CAMPAIGNERS have set up a petition to safeguard the future of a rural post office.
Glyn Ceiriog residents are battling a potential closure of the facility on Maybury Avenue in favour of a counter service within another village shop claiming it will disadvantage villagers, particularly the elderly, who will feel even more isolated.
The Post Office’s ‘network transformation’ plan involves many previously stand alone post offices becoming integrated into other businesses and the company claims the changes are prompting a 95 customer satisfaction rating.
But in a letter to Paula Vennells, chief executive of Post Office Limited, campaigner Mark Ward called the decision “inappropriate” and “ill-considered” and has set up a petition, which has already collected nearly 200 signatures, to try and save the Post Office shop.
He told Ms Vennells: “You fail to recognise the significance of rural post offices.
“They are an essential community service, particularly in rural areas.
“Apparently 99 per cent of the population live within three miles of a post office but this is not the case in Glyn Ceiriog, and neither will a counter in the already busy local shop fill the gap left by closure of our village post office.”
A spokesman for the Post Office said there was no threat to Post Office services in Glyn Ceiriog and the changes, where already instigated, had “brought huge benefits for customers through longer opening hours, ability to access a wider range of services, shorter waiting times and increased convenience”.
But Mr Ward described the post office as a village hub which provides “essential services” and a “great cafe” and is the only shop in the village to sell tourist goods and local produce.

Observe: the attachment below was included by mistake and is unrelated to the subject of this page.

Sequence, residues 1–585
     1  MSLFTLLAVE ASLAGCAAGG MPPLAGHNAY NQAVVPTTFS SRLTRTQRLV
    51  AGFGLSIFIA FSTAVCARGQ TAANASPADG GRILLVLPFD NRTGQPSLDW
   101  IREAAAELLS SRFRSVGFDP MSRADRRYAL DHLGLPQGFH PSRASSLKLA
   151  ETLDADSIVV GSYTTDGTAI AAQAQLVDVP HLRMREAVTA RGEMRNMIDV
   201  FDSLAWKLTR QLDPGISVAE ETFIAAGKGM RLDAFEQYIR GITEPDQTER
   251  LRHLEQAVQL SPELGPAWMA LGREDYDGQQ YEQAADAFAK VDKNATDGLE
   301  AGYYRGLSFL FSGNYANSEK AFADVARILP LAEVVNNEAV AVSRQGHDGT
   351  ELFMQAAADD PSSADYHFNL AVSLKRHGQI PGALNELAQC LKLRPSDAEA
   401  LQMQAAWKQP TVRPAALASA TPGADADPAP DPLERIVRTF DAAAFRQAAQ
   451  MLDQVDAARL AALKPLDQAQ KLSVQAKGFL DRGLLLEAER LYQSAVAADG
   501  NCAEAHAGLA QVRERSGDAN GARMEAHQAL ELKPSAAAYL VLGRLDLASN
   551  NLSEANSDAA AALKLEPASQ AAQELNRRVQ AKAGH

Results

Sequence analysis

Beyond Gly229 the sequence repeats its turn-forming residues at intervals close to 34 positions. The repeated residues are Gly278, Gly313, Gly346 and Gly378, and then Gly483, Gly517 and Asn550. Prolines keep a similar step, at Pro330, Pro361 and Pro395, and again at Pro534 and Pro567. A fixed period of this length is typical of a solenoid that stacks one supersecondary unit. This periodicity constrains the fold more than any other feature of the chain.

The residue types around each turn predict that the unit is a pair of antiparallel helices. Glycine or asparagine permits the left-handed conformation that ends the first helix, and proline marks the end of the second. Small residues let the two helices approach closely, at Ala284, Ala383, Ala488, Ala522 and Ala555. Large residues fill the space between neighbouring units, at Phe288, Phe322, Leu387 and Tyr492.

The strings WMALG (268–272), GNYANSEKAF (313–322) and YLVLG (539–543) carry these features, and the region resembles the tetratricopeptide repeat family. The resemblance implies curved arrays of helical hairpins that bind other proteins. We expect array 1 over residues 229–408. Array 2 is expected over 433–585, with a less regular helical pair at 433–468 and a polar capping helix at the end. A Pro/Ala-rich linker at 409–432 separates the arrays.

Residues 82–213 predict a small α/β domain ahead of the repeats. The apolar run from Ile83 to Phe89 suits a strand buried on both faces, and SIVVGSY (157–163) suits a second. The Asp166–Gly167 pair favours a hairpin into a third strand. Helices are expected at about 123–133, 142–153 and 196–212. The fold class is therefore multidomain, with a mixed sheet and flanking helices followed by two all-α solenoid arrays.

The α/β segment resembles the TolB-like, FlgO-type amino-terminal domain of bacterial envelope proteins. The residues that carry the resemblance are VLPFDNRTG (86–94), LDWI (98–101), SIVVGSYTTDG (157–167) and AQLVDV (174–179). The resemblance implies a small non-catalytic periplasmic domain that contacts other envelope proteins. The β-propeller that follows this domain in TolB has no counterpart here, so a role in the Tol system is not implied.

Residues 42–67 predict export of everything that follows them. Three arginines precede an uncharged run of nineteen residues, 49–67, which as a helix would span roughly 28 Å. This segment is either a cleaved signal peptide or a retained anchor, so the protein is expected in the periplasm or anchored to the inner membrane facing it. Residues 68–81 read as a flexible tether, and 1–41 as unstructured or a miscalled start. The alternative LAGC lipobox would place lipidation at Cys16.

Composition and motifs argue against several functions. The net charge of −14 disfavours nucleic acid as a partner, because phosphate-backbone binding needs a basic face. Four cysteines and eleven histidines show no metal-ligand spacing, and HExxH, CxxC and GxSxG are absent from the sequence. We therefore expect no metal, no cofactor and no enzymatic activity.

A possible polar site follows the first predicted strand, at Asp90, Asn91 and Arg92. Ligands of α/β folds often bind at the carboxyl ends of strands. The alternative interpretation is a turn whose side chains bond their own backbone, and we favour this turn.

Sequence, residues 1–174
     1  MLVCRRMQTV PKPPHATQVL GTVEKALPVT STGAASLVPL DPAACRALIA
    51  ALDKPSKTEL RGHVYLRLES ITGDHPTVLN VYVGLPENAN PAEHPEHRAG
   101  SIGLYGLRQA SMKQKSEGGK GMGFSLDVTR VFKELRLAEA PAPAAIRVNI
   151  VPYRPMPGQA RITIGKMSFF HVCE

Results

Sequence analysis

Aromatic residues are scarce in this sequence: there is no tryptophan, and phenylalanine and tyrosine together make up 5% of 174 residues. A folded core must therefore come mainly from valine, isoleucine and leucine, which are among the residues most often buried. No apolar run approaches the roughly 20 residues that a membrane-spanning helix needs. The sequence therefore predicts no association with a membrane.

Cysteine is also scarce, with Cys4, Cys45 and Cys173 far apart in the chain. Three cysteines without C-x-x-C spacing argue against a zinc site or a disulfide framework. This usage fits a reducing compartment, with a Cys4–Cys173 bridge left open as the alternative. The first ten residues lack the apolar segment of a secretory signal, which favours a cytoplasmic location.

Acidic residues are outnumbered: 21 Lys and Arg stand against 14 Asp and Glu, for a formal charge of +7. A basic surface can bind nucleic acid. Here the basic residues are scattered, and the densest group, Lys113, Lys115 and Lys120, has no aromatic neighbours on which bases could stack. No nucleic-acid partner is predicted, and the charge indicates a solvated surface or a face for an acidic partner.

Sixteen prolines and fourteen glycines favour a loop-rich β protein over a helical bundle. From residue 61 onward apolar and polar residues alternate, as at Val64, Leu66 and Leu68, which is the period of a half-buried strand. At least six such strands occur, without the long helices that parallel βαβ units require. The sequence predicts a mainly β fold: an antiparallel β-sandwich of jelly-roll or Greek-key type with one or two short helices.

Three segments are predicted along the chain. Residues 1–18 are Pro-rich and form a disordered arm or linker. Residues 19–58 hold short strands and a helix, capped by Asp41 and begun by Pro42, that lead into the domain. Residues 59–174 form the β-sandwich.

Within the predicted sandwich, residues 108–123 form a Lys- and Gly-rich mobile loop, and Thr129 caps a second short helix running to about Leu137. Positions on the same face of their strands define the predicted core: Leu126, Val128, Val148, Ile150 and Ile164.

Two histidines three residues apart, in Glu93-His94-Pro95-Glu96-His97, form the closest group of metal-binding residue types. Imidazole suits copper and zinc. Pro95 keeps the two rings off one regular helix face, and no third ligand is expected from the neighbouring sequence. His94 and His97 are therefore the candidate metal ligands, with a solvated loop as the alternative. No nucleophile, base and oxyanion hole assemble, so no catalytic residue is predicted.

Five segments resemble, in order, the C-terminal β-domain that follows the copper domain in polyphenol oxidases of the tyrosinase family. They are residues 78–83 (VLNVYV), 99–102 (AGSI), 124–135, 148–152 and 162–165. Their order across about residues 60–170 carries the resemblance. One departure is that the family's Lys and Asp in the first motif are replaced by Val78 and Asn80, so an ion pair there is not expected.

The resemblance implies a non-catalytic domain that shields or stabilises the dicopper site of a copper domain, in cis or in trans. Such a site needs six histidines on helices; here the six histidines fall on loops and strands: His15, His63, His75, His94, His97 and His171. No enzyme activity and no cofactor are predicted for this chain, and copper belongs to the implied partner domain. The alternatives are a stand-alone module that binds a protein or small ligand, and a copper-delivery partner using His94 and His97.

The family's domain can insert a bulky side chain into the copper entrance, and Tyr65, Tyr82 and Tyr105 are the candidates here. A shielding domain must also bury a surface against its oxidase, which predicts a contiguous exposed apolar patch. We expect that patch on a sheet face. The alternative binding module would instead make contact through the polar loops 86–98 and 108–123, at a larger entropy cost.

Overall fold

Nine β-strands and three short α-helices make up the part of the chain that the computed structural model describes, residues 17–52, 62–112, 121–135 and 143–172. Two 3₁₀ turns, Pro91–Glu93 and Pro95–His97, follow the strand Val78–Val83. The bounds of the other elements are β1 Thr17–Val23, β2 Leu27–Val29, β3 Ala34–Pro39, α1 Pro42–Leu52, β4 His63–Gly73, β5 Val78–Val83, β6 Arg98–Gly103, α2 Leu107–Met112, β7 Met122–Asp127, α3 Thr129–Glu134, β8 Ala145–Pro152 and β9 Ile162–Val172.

It also functions as a tourist information point, community internet service and bank and, due to a proposed reduction in public transport, many residents have little option to find an alternative elsewhere, he said.
Staff at the Post Office revealed they were fighting to maintain the status quo and thanked residents and fellow businesspeople who are backing the campaign to keep the existing service open.
Isabelle Waine, of Llanarmon Road, said the opening of a Post Office counter in another shop would be a double blow as it would diminish the number of products available to villagers unable to shop further afield by taking up valuable shelf space.
She said: “We are currently in a situation where the daily bus services are going to be cut resulting in more people, specifically the elderly, unemployed, young mothers and farmers, relying on the improvement of grocery services from their local store.
“If the post office services were to be offered, and accepted by another shop, there would be diminution of both postal and grocery services which would not benefit the community in any way.”
Mr Ward told Post Office: “We urge you to keep this valuable community resource open and commit to continuing its service to our community.”